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Congress Focuses On Averting Shutdown, But Trump Wants More In Budget Deal

Then President-elect Donald Trump meets with House Speaker Paul Ryan at the U.S. Capitol in November.
Zach Gibson Getty Images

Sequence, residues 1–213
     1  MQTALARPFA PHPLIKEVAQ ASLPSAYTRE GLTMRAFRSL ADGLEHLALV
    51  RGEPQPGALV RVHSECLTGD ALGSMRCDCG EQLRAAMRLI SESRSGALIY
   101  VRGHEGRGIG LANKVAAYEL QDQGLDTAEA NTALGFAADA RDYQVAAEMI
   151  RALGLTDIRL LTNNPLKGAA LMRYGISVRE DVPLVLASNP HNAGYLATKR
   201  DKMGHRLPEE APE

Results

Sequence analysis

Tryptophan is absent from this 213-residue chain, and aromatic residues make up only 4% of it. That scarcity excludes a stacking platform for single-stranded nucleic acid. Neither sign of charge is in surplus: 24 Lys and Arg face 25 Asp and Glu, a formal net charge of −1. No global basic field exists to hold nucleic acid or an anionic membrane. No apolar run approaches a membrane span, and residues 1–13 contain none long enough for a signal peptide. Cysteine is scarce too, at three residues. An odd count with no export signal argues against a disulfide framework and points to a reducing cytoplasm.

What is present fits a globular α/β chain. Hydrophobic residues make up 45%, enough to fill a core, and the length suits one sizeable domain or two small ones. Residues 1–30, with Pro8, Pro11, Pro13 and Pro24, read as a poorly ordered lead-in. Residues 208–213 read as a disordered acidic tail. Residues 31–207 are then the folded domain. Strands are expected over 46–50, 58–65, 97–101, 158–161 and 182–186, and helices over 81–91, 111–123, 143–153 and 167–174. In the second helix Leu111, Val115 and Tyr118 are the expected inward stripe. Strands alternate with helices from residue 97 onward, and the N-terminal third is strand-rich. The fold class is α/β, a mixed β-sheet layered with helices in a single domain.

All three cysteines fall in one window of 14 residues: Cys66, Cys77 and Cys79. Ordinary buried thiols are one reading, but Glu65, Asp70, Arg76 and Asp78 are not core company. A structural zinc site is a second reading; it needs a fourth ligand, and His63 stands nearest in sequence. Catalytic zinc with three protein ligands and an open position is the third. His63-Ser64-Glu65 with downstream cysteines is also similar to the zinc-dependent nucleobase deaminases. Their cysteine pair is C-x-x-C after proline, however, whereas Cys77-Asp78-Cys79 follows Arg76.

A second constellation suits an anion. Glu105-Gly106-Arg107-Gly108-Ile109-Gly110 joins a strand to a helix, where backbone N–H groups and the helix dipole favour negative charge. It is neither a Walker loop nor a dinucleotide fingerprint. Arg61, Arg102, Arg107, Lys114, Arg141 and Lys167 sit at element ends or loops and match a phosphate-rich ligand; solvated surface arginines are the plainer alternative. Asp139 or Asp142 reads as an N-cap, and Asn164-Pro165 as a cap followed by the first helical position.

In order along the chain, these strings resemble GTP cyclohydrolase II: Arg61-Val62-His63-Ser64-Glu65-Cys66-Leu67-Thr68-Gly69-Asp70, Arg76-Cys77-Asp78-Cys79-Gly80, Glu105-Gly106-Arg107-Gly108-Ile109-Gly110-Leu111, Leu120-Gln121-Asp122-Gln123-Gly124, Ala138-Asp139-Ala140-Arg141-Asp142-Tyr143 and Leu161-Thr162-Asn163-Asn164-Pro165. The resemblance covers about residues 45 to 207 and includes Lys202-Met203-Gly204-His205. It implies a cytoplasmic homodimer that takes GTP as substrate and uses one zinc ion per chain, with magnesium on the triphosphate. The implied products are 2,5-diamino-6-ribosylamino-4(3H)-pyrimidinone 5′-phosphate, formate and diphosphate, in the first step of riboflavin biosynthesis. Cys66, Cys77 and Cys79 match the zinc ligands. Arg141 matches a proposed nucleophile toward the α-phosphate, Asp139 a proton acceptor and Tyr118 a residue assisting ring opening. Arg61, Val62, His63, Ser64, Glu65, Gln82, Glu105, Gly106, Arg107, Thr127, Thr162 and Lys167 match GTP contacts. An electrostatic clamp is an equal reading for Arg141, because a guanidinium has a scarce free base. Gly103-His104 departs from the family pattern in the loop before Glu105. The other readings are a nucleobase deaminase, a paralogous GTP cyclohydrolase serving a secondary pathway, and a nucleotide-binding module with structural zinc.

Then President-elect Donald Trump meets with House Speaker Paul Ryan at the U.S. Capitol in November.

Congress Focuses On Averting Shutdown, But Trump Wants More In Budget Deal
Congress Focuses On Averting Shutdown, But Trump Wants More In Budget Deal GUEST: Thad Kousser, political science professor, UC San Diego